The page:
Cybercrime as-a-service , Fraud Management & Cybercrime , Malware as-a-Service

FBI Issues Alert on Growing Egregor Ransomware Threat

Bureau and Security Experts Warn About Gang's Effective Extortion Model
FBI Issues Alert on Growing Egregor Ransomware Threat
An example of an Egregor ransomware note used during a previous attack (Source: Digital Shadows)

The FBI issued a warning this week over the growing threat from the operators behind the Egregor ransomware variant and other cybercriminal gangs affiliated with the group.

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The alert notes that, since September, the Egregor gang and its affiliates claim to have compromised approximately 150 corporate networks in the U.S. and other countries. In some cases, the extortion demands have reached $4 million, according to a previous report by cybersecurity firm Group-IB.

In addition to acting on its own, Egregor has affiliated cybercriminals that carry out their own attacks and receive a percentage of the ransom if the money is paid by the victim. This makes defending and mitigating against these types of attacks difficult.

"Because of the large number of actors involved in deploying Egregor, the tactics, techniques and procedures used in its deployment can vary widely, creating significant challenges for defense and mitigation," the FBI alert notes. "Egregor ransomware utilizes multiple mechanisms to compromise business networks, including targeting business network and employee personal accounts that share access with business networks or devices."

Other researchers have noted that Egregor is one of several cybercriminal operations that exfiltrates data before crypto-locking systems and files and then threatens to leak the information unless it receives a ransom from the victim. The now-defunct Maze group began using this tactic in November 2019, after which more than a dozen other operators - including the REvil, aka Sodinokibi, gang - followed suit.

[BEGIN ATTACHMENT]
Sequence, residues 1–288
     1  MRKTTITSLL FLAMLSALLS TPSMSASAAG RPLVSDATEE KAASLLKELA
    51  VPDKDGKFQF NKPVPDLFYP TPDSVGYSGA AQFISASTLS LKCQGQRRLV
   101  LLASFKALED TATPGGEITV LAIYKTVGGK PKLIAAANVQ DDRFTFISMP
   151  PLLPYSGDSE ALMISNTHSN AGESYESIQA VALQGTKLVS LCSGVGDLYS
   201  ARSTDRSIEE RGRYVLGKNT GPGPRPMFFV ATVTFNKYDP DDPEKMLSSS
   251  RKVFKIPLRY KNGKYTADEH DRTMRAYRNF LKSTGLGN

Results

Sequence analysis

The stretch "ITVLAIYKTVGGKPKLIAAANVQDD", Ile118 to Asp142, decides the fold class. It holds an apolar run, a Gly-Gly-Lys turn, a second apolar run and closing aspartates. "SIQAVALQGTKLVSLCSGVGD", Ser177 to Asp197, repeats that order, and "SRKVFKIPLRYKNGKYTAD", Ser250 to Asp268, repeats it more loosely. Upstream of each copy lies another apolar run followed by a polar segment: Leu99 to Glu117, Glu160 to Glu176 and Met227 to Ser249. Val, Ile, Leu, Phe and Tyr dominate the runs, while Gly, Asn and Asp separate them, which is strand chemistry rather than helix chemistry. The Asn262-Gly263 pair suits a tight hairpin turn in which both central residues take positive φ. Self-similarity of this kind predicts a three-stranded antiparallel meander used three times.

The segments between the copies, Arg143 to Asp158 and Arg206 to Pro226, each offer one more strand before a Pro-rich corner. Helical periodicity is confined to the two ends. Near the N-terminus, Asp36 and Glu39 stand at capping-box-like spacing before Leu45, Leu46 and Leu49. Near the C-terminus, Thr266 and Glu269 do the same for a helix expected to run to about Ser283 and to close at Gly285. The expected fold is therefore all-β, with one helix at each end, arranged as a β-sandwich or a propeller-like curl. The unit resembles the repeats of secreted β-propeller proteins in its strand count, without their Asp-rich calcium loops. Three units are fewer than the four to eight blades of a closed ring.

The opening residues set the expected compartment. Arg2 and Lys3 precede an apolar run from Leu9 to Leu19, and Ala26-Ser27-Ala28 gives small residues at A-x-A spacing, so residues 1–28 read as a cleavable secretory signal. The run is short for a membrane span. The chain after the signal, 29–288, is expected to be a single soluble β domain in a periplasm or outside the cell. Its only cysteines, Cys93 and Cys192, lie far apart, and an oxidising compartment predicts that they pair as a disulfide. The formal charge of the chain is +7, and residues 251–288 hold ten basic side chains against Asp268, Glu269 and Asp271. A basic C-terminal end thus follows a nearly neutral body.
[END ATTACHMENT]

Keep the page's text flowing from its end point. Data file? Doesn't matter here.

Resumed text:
While fairly new, the Egregor gang and its affiliates have been tied to several high-profile attacks over the past five months, including those that targeted a Canadian public transportation agency and a Dutch human resources and staffing firm in December. The ransomware is also believed to have compromised the networks of Barnes & Noble and Kmart (see: Egregor Ransomware Slams HR Firm and Transport Agency).


The FBI alert notes that the operators behind Egregor typically use phishing emails with malicious attachments or links as the initial attack vector. The gang also exploits vulnerabilities in Microsoft's Remote Desktop Protocol tool and VPNs to gain initial access before moving laterally throughout the network.

Once the network is compromised, Egregor deploys legitimate penetration testing tools, such as Cobalt Strike, Advanced IP Scanner and AdFind, to escalate administrative privileges and move laterally through a network.

The gang or its affiliates also use tools such as Rclone, which is sometimes hidden or renamed as a service host process dubbed "svchost," and 7-Zip to steal and exfiltrate data before the final ransomware payload is delivered and files are encrypted, according to the FBI.